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Suppose that I have a data and a statistical model that is not the result of fitting, but has a different origin. For example, I have a list of measurements and a theoretical model whose predicting accuracy I want to assess.

Is there a simple way to obtain all the properties of a FittedModel object, but from my theoretical model?

For example, suppose that

mt=Table[{i,1+i+RandomReal[]},{i,5}]

yields mt={{1,2.56508},{2,3.58291},{3,4.8005},{4,5.24265},{5,6.38087}}

If I call

LinearModelFit[mt,x,x]

I get

FittedModel[1.72701 +0.929131 x]

And I can then get R$^2$ for the adjusted model:

%["RSquared"]

which gives $0.9851$.

But I know the theoretical model is $1.5+x$. Can I have the power of a FittedModel (residuals, ANOVA, RSquared, etc.) for my non-fitted model?

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  • $\begingroup$ If you look at FullForm[LinearModelFit[mt,x,x]] from your example above then the internal structure seems reasonably simple and understandable. What happens if you carefully build a FittedModel using that structure as an example, not by doing a fit but by substituting your theoretical model in that and then you query that constructed FittedModel for residuals, ANOVA, etc? Can you do this on test cases where you know what the calculations should show to verify that this is being done correctly? $\endgroup$ – Bill Dec 21 '18 at 22:04
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You can use NonlinearModelFit but not all output options will either be appropriate and some will require "adjustment".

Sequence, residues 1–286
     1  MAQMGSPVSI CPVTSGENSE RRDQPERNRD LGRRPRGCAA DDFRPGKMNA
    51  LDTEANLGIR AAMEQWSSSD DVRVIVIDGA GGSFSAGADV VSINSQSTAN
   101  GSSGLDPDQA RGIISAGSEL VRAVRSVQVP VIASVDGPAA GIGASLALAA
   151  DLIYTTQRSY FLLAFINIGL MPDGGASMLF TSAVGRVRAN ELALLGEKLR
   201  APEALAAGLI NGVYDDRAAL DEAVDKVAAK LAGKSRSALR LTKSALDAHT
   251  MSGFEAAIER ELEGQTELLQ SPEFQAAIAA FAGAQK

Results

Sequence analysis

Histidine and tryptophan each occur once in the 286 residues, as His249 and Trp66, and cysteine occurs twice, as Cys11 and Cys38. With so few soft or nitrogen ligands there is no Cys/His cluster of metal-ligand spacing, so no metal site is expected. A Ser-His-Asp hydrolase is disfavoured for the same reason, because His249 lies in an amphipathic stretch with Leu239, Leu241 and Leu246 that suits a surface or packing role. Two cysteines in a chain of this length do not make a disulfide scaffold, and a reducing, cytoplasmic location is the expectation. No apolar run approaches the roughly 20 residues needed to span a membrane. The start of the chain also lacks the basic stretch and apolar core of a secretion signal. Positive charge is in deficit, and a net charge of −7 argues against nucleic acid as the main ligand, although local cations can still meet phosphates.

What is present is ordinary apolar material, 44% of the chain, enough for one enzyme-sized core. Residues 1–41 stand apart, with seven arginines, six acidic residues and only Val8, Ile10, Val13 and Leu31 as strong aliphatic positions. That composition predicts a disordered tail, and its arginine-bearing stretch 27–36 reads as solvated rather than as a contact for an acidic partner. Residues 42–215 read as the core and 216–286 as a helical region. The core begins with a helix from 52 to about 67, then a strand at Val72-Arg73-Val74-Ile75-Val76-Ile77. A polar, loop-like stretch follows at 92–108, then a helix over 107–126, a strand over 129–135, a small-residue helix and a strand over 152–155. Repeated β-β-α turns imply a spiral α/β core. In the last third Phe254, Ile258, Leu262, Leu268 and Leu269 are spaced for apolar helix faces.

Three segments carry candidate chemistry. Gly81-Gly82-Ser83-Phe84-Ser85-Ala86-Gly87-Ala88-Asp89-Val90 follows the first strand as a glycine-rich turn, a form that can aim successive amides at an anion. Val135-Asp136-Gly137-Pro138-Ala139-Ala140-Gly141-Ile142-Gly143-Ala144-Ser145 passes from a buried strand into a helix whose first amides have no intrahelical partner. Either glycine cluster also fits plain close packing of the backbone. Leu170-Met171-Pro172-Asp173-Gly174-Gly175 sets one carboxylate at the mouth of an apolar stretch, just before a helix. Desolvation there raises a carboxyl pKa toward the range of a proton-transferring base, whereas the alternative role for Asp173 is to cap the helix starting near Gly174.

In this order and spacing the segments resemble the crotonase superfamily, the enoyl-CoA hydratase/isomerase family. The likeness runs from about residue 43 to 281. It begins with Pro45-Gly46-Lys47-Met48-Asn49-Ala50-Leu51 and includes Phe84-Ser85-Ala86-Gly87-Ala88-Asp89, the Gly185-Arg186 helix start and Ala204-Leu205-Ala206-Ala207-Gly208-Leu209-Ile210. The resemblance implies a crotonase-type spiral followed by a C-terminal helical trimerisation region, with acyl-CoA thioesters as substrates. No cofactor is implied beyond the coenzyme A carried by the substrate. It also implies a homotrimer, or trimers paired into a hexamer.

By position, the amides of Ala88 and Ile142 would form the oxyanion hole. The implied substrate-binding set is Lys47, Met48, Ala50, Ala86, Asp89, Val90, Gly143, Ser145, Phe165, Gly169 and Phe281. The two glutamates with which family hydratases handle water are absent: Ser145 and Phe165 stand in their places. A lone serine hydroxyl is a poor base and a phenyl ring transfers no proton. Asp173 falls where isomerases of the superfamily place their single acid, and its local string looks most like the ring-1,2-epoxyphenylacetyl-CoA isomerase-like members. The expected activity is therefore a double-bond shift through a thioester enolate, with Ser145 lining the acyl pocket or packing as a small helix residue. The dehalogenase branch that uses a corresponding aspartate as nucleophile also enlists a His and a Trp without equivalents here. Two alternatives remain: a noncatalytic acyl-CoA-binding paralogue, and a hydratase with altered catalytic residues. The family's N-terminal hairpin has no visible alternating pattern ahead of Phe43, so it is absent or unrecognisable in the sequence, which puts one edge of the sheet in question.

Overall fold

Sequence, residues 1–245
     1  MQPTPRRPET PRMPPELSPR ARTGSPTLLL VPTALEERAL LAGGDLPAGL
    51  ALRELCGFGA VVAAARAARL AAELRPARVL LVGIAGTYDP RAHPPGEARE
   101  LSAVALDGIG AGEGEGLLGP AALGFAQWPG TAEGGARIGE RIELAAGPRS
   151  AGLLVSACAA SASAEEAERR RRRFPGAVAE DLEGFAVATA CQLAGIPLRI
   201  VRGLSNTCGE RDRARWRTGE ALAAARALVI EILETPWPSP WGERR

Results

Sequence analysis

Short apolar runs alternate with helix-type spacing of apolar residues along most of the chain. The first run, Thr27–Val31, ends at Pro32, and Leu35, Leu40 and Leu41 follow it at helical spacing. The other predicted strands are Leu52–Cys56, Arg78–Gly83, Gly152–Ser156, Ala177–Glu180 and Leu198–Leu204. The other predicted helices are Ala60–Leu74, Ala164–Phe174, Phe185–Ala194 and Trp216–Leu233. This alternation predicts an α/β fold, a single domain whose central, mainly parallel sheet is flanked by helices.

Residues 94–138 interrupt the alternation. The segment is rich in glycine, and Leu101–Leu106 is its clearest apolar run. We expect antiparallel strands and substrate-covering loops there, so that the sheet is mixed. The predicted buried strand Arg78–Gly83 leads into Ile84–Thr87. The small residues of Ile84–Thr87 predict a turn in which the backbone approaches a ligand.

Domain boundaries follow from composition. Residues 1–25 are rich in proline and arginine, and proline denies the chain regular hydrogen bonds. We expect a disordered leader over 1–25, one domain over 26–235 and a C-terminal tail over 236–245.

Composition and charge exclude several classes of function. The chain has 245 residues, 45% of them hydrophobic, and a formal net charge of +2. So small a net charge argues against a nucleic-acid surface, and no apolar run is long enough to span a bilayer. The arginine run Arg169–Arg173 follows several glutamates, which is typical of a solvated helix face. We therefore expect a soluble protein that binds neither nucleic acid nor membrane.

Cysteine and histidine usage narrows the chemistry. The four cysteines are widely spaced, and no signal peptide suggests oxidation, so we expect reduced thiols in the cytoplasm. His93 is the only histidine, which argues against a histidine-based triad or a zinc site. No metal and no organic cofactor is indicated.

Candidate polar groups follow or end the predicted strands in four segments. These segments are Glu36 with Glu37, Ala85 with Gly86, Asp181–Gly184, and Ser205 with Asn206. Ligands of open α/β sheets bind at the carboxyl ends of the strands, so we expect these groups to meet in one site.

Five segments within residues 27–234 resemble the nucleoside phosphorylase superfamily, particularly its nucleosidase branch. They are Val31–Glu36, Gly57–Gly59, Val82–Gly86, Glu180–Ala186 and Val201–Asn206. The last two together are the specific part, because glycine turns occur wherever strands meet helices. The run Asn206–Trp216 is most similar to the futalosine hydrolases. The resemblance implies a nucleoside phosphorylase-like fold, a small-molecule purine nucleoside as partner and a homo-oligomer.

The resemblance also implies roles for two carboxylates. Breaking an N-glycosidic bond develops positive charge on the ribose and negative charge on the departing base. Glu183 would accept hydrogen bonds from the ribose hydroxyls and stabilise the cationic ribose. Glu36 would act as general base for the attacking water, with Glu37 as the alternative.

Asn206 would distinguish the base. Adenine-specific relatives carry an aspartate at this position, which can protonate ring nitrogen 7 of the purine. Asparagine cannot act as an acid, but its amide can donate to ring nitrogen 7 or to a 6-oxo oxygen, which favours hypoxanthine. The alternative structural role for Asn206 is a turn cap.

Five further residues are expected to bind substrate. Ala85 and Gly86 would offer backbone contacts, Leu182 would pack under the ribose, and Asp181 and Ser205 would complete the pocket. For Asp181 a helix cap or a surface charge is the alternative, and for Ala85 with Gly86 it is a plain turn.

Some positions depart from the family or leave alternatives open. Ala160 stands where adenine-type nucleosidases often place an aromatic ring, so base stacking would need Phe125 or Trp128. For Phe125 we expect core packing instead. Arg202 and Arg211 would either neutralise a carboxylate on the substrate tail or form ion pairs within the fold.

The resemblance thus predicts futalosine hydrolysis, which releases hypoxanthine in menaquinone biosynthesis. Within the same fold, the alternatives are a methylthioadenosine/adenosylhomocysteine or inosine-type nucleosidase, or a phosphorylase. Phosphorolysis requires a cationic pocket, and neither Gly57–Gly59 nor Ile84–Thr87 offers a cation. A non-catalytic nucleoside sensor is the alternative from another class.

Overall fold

All of the fitting procedures want to estimate parameters (that's what they're made for) so NonlinearModelFit can be tricked by included a parameter that isn't in the model. Here I used a parameter named a:

SeedRandom[12345];
mt = Table[{i, 1 + i + RandomReal[]}, {i, 5}]
nlm = NonlinearModelFit[mt, 1.5 + x, {a}, x]

So the following work fine with no adjustment needed:

nlm["FitResiduals"]
(* {-0.378754, -0.170078, 0.282753, -0.0698316, -0.276414} *)
nlm["PredictedResponse"]
(* {2.5, 3.5, 4.5, 5.5, 6.5} *)

The "EstimatedVariance" needs adjustment:

Mean[(mt[[All, 2]] - 1.5 - mt[[All, 1]])^2]
(* 0.0667223 *)
n = Length[mt];
nlm["EstimatedVariance"] (n - 1)/n
(* 0.0667223 *)
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  • $\begingroup$ Nice! You get some information on the dummy model/parameter a (in the ANOVA, ParameterTable, etc.), is it possible to get such information for my coefficients (i.e., 1.5 and 1)? Or is all that kind of information just meaningless for a non-fitted model? $\endgroup$ – Rafael Dec 21 '18 at 19:55
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    $\begingroup$ Yes, I'd vote for meaningless. I'd also avoid any option that starts with "Parameter..." as the residual variance is the only parameter estimated. $\endgroup$ – JimB Dec 21 '18 at 20:14

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